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Questions on dam levels

By Prospector - 26 June 2010 17

We’ve had average to good rainfalls over the past 6 months or so, but the publicised dam levels have been creeping up much more slowly than I’d expected in view of the good rains. It is still barely 55%.

Am I correct in assuming then that the reported dam levels are net of ‘environmental flows’ (i.e. the water which the Government releases from the dam system into the Murray-Darling system)?  So with the better rains of late, is ACTEW taking the plug out of the dam system a little more frequently – increasing environmental releases  –  so dam levels are not rising as quickly as one might expect?

If so, what would dam levels be now if there had been no environmental water releases in 2010?

What’s Your opinion?


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17 Responses to
Questions on dam levels
Prospector 11:57 am 29 Jun 10

Thanks to all those who’ve responded to my query. Yes, I take the points…the water table is still very depleted, and rain doesn’t always fall in the catchments.

Regards Googong, I have vagues recollections that back in the 1970s and 80s, it used to fill quite readily (and the dam wall itself was under threat when it was still being being constructed – the dam began strongly overflowing after a particularly wet period and before the wall had been fully concrete capped).

Is there an issue that extensive farmlet and other housing sub-division construction in the Googong catchment since the Googong was built, with their accompanying private dams, have significantly reduced the run-off that eventually finds its way into the Googong Dam?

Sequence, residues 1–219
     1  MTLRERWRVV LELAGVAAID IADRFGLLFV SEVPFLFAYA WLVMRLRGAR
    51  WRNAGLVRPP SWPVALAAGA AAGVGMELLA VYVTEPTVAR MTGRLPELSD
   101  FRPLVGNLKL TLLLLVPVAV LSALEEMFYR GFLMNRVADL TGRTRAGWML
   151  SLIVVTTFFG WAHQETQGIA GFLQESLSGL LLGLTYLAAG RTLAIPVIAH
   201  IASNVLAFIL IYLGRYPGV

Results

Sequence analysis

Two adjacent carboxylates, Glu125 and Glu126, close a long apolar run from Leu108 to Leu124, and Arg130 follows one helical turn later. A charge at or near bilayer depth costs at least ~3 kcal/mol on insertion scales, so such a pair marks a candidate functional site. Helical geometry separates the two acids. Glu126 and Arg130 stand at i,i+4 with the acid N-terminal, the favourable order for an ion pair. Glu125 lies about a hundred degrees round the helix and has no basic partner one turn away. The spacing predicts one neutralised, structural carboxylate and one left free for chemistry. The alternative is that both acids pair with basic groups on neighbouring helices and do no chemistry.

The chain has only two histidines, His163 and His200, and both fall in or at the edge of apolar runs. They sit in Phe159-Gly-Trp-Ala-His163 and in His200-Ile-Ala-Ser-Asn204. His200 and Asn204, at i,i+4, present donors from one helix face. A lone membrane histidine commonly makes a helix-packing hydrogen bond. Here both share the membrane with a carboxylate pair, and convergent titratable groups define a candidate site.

Follow up question on environmental releases and whether ACTEW is releasing more water as the rainfall situation has improved – is there any publicly available data on environmental releases from the ACT Dams, say on a month by month basis and what impact they have on dam water storage levels?

georgesgenitals 9:55 am 28 Jun 10

mr reason said :

@#7 ACTEW is not “at least partly privately owned”. ACTEW Corporation is 100% owned by the ACT Government. You are confusing this with the ActewAGL partnerships, of which ACTEW owns half. However ACTEW owns the water and sewerage system and the revnues from them. ActewAGL operates these under contract.

Thanks for that, makes things a bit clearer.

JC 6:08 am 28 Jun 10

True facet, however as the Cotter dam is in the better catchment area one would assume that over time it will fill up more than the Googong and will aid in giving a higher average.

mr reason 4:52 pm 27 Jun 10

@#7 ACTEW is not “at least partly privately owned”. ACTEW Corporation is 100% owned by the ACT Government. You are confusing this with the ActewAGL partnerships, of which ACTEW owns half. However ACTEW owns the water and sewerage system and the revnues from them. ActewAGL operates these under contract.

facet 1:51 pm 27 Jun 10

If we greatly increase the capacity of Cotter Dam, this will mean that the “percentage full” will decrease irrespective of how much rain or run off we get. These figures are a con job.

JC 3:42 am 27 Jun 10

To understand why the levels are so low you need to consider the size of the dams and where the rainfall is actually running off to. Googong is the largest dam at 121GL, Corin, Bendora and the Cotter more or less work as one system (Corin feeds Bendora which can feed the Cotter) with a combined capacity of about 85GL. So in other words Googong has 60% of the total capacity.